Drainage. The drainage can be trickier than the relatively small water pipes. You will firstly need to use soil pipes which are thicker and have a larger diameter than normal waste pipes. Soil pipes differ from waste pipes in that they are designed to carry away soiled water (i.e. liquid and solids from a toilet) to the sewer. You will probably need to find the soil pipe in your current house, and whether it goes outside (and into a sewer point from the outside) - or whether it goes under the house and into a sewer from there. If it goes outside, you can just extend off this and run the soil pipe underground in the aforementioned trench. If it is all underground, however, it will be more difficult: you will have to look at running your new soil pipe into the nearest sewer point.
Once you have a plan, you will need to dig a trench. From there, your pipes (which must be underground-quality) can be run through the trench and into your backyard office:
And that is ‘all’ there is too it! Does that sound like a lot of work? Well yes, to be honest it is. And you could argue that it is too much work for providing a convenience-toilet in a backyard office. It all comes down to your skillset (for running the pipework) and your requirements/desire (for having a toilet inside your backyard office). If you think it sounds straightforward enough and you have the time/desire to do it, then go for it! There is no reason why you cannot go further and have a shower, too: this would then really help make your office shed a dedicated space for you then.
Install a Waterless Composting Toilet (Easy!)
If reading the above made you never want to look at pipes again, then a far easier option is to install a waterless composting toilet. The key point is in the name: it is waterless, meaning no water pipes need to be run to your office shed. And it is composting, meaning that you will not need a soil stack to take the soiled toilet water away.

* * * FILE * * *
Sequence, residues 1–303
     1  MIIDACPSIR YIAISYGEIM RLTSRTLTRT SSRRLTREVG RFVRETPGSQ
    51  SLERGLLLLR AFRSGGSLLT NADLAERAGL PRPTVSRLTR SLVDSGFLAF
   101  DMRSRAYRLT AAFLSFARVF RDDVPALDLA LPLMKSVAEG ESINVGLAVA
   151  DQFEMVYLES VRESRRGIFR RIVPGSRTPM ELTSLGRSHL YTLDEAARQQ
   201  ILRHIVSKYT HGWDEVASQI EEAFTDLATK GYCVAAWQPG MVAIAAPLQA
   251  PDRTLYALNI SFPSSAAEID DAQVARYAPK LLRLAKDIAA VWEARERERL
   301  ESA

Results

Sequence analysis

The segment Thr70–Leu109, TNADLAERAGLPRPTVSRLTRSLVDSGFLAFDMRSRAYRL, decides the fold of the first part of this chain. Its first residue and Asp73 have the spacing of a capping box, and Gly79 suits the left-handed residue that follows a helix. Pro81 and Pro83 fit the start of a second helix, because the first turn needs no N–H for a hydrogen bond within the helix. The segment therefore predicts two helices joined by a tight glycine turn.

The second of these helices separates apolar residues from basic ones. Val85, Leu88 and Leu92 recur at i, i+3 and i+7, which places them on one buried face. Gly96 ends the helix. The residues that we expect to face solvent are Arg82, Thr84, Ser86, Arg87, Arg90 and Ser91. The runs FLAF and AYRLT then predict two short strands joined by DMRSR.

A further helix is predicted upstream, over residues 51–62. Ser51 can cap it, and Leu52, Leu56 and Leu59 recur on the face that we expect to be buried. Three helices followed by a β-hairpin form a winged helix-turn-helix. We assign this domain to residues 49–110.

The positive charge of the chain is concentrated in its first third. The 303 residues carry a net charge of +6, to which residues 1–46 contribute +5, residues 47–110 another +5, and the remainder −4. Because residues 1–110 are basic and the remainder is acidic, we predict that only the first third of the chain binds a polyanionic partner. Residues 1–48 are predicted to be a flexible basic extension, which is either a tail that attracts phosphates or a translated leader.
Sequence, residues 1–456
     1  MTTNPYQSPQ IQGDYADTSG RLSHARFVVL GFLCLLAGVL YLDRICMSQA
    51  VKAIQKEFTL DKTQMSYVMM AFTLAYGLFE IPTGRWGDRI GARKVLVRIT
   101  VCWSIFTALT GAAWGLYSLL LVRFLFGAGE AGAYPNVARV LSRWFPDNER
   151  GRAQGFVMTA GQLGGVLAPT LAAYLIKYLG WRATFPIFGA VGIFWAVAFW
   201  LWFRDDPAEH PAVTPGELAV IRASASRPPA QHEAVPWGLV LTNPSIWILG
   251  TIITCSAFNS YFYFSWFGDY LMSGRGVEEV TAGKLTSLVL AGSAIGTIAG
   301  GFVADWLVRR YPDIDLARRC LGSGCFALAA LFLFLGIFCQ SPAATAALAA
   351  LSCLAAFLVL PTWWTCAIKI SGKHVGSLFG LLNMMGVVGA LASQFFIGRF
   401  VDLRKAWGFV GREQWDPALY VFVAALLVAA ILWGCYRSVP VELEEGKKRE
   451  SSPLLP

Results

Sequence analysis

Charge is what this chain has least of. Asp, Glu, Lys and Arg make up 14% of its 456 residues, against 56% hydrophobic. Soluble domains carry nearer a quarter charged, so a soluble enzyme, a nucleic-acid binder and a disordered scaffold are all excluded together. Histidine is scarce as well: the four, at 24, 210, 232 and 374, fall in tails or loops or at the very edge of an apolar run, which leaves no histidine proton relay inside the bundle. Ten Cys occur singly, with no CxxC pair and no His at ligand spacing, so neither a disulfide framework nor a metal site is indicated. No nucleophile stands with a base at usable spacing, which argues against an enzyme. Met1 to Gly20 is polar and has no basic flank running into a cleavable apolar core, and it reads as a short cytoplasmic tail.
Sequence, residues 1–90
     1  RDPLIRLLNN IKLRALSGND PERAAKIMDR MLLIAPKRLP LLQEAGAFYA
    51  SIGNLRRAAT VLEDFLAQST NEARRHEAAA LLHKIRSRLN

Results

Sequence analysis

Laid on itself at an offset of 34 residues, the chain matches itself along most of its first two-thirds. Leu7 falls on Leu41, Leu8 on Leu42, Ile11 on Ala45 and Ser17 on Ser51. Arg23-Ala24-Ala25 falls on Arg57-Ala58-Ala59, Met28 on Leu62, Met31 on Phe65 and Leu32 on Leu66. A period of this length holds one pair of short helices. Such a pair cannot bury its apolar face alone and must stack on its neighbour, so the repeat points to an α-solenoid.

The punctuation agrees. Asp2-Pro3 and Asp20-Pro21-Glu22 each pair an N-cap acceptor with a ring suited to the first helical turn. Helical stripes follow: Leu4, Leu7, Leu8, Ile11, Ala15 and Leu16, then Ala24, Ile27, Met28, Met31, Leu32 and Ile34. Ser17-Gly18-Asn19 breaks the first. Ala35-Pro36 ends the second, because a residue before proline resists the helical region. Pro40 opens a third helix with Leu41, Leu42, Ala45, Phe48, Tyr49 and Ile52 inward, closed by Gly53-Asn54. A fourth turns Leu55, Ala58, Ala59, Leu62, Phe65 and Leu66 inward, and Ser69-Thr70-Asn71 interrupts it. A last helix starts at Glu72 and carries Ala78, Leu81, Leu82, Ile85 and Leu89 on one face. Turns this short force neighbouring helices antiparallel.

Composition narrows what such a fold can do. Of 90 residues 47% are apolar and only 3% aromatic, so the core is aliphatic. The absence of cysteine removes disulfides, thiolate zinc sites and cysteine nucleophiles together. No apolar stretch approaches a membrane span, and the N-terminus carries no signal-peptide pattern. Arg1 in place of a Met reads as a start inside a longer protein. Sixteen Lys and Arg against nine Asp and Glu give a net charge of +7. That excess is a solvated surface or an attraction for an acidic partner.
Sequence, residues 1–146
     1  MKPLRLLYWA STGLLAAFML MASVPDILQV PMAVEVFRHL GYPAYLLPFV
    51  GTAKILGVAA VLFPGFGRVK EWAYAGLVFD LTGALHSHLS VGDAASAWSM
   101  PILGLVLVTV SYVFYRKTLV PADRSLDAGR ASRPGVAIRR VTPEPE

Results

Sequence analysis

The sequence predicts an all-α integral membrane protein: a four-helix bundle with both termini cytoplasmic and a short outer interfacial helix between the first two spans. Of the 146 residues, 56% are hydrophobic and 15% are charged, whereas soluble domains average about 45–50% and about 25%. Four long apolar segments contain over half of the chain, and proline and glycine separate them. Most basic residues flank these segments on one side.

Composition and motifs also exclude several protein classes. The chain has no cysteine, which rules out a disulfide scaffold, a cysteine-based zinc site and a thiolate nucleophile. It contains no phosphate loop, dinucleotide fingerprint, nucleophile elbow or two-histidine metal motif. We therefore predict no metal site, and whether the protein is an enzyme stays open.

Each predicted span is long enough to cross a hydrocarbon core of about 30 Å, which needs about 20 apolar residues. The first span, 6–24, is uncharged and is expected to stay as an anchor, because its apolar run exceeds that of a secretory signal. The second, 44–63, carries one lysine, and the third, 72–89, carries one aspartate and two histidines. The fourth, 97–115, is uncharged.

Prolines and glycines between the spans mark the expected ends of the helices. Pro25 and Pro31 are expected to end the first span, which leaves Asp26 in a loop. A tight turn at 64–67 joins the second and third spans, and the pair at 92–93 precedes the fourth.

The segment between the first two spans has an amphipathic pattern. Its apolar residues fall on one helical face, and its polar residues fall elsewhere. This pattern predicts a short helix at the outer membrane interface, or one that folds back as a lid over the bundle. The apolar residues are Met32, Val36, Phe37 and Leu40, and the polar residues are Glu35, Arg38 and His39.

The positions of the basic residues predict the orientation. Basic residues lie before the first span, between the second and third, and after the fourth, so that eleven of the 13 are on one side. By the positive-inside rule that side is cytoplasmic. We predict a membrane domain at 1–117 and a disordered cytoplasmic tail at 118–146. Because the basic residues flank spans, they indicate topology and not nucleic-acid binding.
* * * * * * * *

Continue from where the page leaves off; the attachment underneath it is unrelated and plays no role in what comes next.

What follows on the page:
The way these work is the liquid (i.e. urine!) that goes into the toilet will be used to help carry out a microorganism process to break down any solids (i.e. poo!) that goes into the composting toilet. When having a number two, a carbon additive is also added: which is just a fancy way of saying something like peat moss or sawdust. Basically the combination of liquid, solid and carbon additives inside a composting toilet will kick off a process which breaks down the solid waste and turns it into easy-to-dispose of compose-type material.
Composting toilets need to be emptied every few weeks or months depending on use, although it will probably be more like months if it is just you using the toilet. Some people worry that composting toilets might smell (after all, the solid waste is there for months!): but thankfully this is not an issue. They are designed with this in mind, and they maintain a negative pressure so that any smell does not travel back up through the toilet into your office space.
Will a Permit Be Needed?
This is a good question to think about: you do not want to go through all the effort of digging trenches and running pipe, only to find that you need to buy an expensive permit to have a toilet in your backyard office! Or even to find out that you are not allowed one!
The reason we say ‘not allowed one’ is because the planning offices in some areas will start to consider a shed (or any external building) with a toilet as a detached living unit. Some areas do not allow two living units on a single bit of land (i.e. with a single address).
So the short answer is that yes, you might need a permit to have a toilet in your shed. Or it is possible that you simply will not be allowed a toilet! With thousands or different planning offices and codes, we cannot say for certain: we would suggest that you contact your local planning officer before going through all the effort of the full building work.